Whats in this section?
Whats in this section?
What is homecare?
For many people, it is important to stay at home in their own, familiar surroundings near to friends and family. Remaining independent may be very important to you but can mean you need a little extra help.
Carefully chosen home care can often be the perfect solution to getting a little help whilst retaining a good level of personal freedom.
Why choose homecare?
Reasons for choosing home care can vary. Sometimes after a stay in the hospital, someone might find they need some help whilst they recuperate. Others can find that a long-term condition or disability means they need some help at home.
How you access care at home can also vary. After a hospital stay, someone may carry out a situation assessment to see if home care might benefit you.
You or those close to you might notice changes in your ability to manage the day-to-day things like preparing meals or looking after yourself. If this happens, speak to a home care agency to discuss your specific requirements. Alternatively, you can contact Adult Social Care.
Councils have a duty to carry out care needs assessments for anyone who might need help, the results of which can point you towards the right kind of help for you.
How homecare can help you
The level of homecare provided can be tailored to meet your needs – ranging from visits once a day to more in-depth support. Home care agencies can support with personal care such as washing and dressing.
Even those with significant health conditions can get a level of skilled personal care that can enable them to stay in their own home. Some agencies will provide ‘live-in’ care, where a care worker will stay with you at home to support you throughout the day and night.
The Shared Lives service offers long term respite or day support for people either within the Shared Lives Carer’s own family home or in the service user’s home. The person can either live with the family permanently, or go to stay with them for overnight short breaks, or for a few hours per week. The Shared Lives Scheme is usually available to any vulnerable adult over 18, who meets their local council’s eligibility criteria.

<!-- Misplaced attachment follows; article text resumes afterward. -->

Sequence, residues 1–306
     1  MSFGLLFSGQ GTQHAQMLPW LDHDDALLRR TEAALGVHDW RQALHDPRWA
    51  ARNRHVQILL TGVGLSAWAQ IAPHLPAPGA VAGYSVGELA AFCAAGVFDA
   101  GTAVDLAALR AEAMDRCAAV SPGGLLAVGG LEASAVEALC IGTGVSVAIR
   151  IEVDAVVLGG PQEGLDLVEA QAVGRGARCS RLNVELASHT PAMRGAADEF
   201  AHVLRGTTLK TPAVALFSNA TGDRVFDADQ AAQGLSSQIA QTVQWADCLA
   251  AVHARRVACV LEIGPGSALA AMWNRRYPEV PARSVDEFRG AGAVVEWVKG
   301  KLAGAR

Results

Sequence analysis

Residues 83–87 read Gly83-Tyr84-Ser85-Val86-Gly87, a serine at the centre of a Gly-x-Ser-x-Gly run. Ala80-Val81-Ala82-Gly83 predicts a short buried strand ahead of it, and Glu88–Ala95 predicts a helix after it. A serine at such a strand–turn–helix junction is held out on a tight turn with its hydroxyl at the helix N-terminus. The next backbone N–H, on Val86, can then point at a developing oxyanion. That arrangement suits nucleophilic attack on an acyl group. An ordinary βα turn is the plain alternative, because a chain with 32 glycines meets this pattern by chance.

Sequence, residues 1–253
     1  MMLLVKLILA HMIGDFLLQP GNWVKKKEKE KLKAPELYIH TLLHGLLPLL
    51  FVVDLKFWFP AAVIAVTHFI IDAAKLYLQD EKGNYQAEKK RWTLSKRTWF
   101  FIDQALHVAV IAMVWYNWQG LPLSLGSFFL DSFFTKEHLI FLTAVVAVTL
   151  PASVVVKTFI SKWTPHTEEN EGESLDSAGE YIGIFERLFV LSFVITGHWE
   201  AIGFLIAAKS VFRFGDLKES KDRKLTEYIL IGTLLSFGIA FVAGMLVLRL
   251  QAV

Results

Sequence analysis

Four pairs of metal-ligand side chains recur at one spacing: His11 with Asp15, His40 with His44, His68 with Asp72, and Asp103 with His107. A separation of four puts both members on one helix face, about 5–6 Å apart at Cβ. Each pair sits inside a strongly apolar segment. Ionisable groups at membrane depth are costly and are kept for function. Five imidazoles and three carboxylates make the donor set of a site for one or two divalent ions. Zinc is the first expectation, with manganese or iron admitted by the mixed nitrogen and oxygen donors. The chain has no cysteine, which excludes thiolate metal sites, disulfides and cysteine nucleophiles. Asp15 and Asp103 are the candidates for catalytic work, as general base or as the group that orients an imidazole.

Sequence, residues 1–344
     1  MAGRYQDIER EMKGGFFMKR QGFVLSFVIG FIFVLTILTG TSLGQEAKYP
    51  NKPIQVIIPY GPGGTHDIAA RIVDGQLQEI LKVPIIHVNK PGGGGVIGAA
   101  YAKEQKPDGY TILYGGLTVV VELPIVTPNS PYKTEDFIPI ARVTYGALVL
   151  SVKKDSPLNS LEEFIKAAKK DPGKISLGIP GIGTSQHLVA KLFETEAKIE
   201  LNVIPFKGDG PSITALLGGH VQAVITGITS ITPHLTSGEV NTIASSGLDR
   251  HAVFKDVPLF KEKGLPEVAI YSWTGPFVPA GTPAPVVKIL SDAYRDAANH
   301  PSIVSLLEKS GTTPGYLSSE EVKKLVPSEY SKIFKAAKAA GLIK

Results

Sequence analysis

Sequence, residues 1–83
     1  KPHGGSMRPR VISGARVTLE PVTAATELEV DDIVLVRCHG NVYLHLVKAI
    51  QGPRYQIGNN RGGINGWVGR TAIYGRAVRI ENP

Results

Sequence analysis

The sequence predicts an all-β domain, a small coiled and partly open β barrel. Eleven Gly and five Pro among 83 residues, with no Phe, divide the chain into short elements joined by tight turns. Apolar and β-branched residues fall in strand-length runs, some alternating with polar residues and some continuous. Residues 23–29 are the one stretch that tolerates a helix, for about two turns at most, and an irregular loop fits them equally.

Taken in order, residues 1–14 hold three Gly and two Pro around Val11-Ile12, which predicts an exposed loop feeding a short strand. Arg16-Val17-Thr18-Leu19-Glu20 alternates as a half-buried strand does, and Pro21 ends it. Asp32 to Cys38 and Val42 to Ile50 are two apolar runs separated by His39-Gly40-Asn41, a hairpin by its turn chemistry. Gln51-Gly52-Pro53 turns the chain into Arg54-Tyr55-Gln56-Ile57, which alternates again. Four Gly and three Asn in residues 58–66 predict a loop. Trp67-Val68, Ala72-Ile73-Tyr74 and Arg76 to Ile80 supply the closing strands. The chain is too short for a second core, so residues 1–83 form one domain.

You or someone close to you should contact your local council or adult social care provider if you would like to live in a Shared Lives home and be cared for by a Shared Lives carer.
The United Kingdom Homecare Association (UKHCA), which requires its members, home care providers, to comply with a code of practice. This code includes a commitment to treat customers with dignity and respect and operate at a level above the legal minimum required.
Use our search function to find homecare providers that meet your requirements.
Social care regulations do not apply to cleaners, handymen or gardeners. However, some home care agencies are increasingly providing staff who can help meet these needs too.
You might decide that you to employ a personal assistant to provide your care privately or have a member of your family who can provide the level of care you need.
However, the benefits of using a regulated agency include:
- assessing your care needs and tailoring a plan to meet those needs;
- advertising, interviewing and screening suitability of workers;
- arranging necessary insurance cover;
- providing training and development for care workers;
- managing workers’ pay, including compliance with the National Minimum Wage;